Image via Flickr user Chris Griffith
Driverless cars are coming and they will reduce the risk of accidents – so what does that mean for the future of the motor insurance industry?
New technology is already having a drastic effect on road safety.
Autonomous emergency braking (AEB), which stops the car before it hits another vehicle or pedestrian if the driver does not respond in time, has been proven to reduce low speed accidents by 20pc. And fewer accidents lead to lower premiums.
“Premiums always reflect the risk,” said Malcolm Tarling from the Association of British Insurers (ABI). “If the development of the technology shows significant impact and reduces risk and makes vehicles safer, then that of course will be taken into account by insurers.”
Who is responsible?
As the car gains more autonomy, the driver’s role becomes more like a pilot’s, monitoring the system and manually overriding the controls if necessary. Liability still rests ultimately with the driver.
But what happens when you cede control fully to the car? It sounds like science fiction, but in time fully automated cars with no steering wheelcould be cruising down our road network.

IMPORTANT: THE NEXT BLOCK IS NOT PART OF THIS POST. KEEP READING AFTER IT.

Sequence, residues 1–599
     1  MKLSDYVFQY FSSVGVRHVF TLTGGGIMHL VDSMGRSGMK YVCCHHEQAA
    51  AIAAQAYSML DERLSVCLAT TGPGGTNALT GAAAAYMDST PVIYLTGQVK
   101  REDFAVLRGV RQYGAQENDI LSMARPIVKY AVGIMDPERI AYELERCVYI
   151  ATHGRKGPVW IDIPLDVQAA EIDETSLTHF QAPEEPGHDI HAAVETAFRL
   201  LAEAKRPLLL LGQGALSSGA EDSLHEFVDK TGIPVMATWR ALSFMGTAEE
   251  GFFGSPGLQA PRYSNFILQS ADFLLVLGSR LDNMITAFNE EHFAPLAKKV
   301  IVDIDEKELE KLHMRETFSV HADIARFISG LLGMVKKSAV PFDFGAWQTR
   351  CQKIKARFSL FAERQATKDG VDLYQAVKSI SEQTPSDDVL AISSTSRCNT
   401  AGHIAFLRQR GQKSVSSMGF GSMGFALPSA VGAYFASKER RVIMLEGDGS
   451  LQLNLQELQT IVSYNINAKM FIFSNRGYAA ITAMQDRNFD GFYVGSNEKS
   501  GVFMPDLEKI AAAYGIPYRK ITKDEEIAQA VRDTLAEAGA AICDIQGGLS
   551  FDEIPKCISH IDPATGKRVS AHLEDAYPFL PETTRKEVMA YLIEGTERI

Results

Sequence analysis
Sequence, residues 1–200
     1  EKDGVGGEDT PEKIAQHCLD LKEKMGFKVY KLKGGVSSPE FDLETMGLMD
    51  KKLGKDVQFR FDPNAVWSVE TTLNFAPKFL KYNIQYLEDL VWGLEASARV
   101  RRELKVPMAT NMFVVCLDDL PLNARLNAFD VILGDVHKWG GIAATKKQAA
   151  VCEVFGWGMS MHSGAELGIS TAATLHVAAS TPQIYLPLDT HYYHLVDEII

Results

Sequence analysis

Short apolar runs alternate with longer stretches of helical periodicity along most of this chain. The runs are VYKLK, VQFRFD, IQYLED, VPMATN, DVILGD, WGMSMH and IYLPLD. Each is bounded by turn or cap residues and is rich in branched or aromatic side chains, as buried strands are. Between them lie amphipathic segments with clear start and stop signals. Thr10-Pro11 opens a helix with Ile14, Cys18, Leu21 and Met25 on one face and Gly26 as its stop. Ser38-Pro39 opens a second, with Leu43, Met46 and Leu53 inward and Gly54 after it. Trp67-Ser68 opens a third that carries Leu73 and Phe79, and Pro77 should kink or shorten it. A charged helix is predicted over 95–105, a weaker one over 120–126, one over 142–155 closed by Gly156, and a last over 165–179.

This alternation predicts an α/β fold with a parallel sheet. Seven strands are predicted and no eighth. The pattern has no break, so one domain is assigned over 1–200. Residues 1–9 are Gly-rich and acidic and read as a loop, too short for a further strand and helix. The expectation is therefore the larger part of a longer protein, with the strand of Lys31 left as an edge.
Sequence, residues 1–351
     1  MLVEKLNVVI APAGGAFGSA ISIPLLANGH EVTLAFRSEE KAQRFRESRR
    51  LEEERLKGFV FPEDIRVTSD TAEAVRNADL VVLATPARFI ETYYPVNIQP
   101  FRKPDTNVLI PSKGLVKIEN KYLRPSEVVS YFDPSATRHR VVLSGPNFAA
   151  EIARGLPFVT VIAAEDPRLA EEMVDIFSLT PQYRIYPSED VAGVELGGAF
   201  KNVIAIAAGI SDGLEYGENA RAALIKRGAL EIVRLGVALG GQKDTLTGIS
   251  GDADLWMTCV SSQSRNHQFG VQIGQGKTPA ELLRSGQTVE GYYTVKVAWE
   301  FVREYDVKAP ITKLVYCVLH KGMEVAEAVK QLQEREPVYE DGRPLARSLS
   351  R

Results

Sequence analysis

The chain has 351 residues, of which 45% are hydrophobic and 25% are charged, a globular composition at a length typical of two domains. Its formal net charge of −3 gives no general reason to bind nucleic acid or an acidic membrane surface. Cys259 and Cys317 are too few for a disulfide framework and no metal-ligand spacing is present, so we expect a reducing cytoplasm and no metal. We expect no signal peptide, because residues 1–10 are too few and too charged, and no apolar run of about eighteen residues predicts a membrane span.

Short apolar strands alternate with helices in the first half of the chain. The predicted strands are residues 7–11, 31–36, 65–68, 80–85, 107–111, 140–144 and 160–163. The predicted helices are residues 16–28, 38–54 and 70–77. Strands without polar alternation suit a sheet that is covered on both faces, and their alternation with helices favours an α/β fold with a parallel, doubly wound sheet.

The danger of hacking
While the risk from human error will decline, automation brings new risks from larger scale threats. For instance, experts have warned that driverless cars could be hacked by terrorists.
Wired magazine has even demonstrated how hackers could cause chaos. It showed how two security researchers were able to take control of a Jeep remotely and disable its engine and brakes.
There are different ways the insurance industry could adapt to accommodate driverless vehicles, but no simple option.
“We could pass the liability straight to the manufacturer, but cars are complex things. It will not necessarily be the named manufacturer that created the part or the software that caused the accident to happen,” Mr Baker explained.
The good news
The future is not all doom-laden for insurers – there are opportunities for growth for companies savvy enough to get ahead.
Currently, the vast majority of insurance pay-outs are for third party damage or injury. But with fewer accidents and more expensive, complex technology, that could change.
“I would expect in all probability that this will put that into reverse,” Mr Baker said. “The safety elements will mean the number of people injured will go down and the compensation paid will start to go down but the vehicles will be so expensive to repair so the cost of accidental damage or for fault will start to go up.”
by Sophie Jamieson
See Full Story at telegraph.co.uk